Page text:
Gold futures settled with a loss on Monday, halting a seven-session run of advances for the precious metal that has been buoyed by fears about post-COVID inflation pressures.
“It’s been quite a run for gold, which has soared as inflation indicators have continued to rise and become more widespread,” wrote Craig Erlam, senior market analyst at Oanda Corp., in a note.
edged down by $1.90, or 0.1%, to settle at $1,866.60 an ounce, following a weekly advance of nearly 2.9%, representing the best such gain since the period ended May 7. Gold’s seven-day streak had been the longest for a most-active contract since a nine-day rise that ended on July 29, 2020, according to Dow Jones Market Data.
A rise in the U.S. dollar in Monday dealings and strength in U.S. Treasury yields put pressure on prices for the yellow metal.
The dollar, as measured by the ICE U.S. Dollar Index
was up 0.3%, while the 10-year Treasury note yield
was at 1.614%, up from 1.583% on Friday afternoon. A stronger dollar can pressure demand for assets priced in the currency. Higher yields in government debt can dull interest in gold, which doesn’t offer a coupon.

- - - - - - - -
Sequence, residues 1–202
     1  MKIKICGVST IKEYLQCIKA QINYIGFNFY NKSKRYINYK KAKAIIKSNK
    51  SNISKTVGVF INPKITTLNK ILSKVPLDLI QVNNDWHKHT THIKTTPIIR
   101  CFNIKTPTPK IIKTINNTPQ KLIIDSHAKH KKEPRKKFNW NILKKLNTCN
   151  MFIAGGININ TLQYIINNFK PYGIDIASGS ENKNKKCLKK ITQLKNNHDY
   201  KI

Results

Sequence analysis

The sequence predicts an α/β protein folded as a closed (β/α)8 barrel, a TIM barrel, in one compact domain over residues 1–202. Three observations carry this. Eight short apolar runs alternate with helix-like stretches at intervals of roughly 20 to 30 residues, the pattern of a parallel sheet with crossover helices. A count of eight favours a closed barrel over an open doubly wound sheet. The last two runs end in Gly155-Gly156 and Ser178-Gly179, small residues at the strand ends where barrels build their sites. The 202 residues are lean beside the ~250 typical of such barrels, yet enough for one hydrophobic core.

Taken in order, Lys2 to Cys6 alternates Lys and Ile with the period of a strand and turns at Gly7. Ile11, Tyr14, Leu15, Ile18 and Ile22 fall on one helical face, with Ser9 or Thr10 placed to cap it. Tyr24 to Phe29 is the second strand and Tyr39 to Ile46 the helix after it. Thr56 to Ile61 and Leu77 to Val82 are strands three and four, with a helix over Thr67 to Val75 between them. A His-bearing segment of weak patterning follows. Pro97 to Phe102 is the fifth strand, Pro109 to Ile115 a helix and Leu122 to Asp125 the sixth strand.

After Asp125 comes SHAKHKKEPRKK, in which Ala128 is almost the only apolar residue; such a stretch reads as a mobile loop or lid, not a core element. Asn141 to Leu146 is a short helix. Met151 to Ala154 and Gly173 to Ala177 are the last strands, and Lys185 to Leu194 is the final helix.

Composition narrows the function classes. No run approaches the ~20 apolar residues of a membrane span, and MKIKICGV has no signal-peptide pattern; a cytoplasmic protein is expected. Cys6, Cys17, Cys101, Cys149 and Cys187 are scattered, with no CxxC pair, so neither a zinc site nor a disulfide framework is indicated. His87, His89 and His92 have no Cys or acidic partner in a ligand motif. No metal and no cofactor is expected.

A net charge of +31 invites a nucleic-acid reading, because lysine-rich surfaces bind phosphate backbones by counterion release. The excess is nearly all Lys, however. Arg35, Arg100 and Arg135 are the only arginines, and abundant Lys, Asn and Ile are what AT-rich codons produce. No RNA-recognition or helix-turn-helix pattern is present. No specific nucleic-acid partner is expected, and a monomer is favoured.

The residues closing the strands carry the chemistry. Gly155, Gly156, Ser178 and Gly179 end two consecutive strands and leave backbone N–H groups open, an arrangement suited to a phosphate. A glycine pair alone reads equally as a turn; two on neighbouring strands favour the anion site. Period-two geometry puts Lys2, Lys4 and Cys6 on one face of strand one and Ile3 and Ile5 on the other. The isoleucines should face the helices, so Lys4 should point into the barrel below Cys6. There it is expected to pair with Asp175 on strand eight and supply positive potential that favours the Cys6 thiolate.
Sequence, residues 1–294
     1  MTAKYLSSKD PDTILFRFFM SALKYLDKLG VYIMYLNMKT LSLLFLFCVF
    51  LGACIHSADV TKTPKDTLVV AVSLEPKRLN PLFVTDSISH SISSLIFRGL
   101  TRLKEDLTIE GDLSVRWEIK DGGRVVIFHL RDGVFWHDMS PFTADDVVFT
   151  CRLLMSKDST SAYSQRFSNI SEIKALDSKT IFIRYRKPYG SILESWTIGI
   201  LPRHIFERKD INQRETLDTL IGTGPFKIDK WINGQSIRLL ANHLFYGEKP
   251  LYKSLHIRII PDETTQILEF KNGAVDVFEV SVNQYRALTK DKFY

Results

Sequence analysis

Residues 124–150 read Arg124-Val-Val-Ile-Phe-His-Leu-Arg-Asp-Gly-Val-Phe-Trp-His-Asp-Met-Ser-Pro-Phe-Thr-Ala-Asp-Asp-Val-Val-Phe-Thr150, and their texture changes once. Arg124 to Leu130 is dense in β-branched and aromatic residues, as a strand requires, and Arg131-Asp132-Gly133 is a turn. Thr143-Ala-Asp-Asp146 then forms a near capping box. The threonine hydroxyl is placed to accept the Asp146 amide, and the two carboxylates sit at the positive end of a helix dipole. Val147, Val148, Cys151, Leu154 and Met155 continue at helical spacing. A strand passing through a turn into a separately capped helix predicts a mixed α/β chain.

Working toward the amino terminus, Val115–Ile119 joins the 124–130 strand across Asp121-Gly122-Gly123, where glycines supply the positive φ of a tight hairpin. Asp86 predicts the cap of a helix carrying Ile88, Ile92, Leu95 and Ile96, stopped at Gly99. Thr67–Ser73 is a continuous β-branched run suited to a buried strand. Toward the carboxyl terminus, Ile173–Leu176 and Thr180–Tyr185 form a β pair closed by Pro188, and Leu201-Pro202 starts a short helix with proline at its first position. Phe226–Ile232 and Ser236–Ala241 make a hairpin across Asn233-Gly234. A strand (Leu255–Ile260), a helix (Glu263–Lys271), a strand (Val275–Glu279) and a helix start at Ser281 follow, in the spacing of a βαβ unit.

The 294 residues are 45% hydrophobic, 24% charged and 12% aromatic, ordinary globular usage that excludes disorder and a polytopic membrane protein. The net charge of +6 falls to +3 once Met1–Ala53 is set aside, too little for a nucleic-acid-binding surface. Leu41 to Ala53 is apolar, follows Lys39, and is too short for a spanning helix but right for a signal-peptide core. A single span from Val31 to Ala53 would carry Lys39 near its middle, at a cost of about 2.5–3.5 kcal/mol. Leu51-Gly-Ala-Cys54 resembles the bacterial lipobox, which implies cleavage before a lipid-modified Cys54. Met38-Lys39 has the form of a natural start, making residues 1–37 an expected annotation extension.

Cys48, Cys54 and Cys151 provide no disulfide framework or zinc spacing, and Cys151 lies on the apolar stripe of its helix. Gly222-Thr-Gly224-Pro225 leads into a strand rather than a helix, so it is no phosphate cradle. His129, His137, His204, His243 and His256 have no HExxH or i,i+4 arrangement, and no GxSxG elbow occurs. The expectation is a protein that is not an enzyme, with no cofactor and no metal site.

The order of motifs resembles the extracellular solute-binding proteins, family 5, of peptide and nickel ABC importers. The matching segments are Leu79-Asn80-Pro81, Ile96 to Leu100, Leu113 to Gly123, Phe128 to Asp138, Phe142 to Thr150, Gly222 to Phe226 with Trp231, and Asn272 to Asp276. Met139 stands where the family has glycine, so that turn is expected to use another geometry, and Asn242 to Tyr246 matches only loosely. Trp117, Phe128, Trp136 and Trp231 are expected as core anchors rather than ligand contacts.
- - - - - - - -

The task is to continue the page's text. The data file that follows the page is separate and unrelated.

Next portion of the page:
“We have seen some tremendous gains for the yellow metal, and it seems like traders are now in the mood to continue to shave some profit off the table,” said Naeem Aslam, chief market analyst at AvaTrade.
“Another important factor to note here is that gold prices have taken a wild turn as many market players were expecting, on the back of the [Federal Reserve’s] monetary policy,” he said in a market update. “There is no doubt that the Fed’s monetary policy is less gold-friendly than a few months ago — the Fed has started the tapering process.”
In a “typical textbook trade, this would have meant that gold prices should have fallen off a cliff, but that is not what we have experienced so far,” said Aslam. Overall, “gold prices have been strong, and in the last week we have seen more strength.”
On top of those bullish factors for bullion, fears of out-of-control inflation, sparked by supply-chain bottlenecks and a demand surge, have helped to bolster appetite for the precious commodity. Gold is seen as a hedge against rising inflation.
“Gold has become popular despite higher yields and a stronger dollar, as inflation-adjusted yields remain at their lows. It’s also been seeing some love for its role as an inflation hedge, as we saw in the aftermath of the U.S. CPI data last week,” wrote Oanda’s Erlam.
Consumer-price data last week, showed that the pace of inflation over the past year marched to 6.2% in October from 5.4% in the prior month. That is more than triple the Federal Reserve’s 2% target and is the highest rate since November 1990.
Among other metals traded on Comex, December copper
lost 1.1% to trade at $4.40 a pound.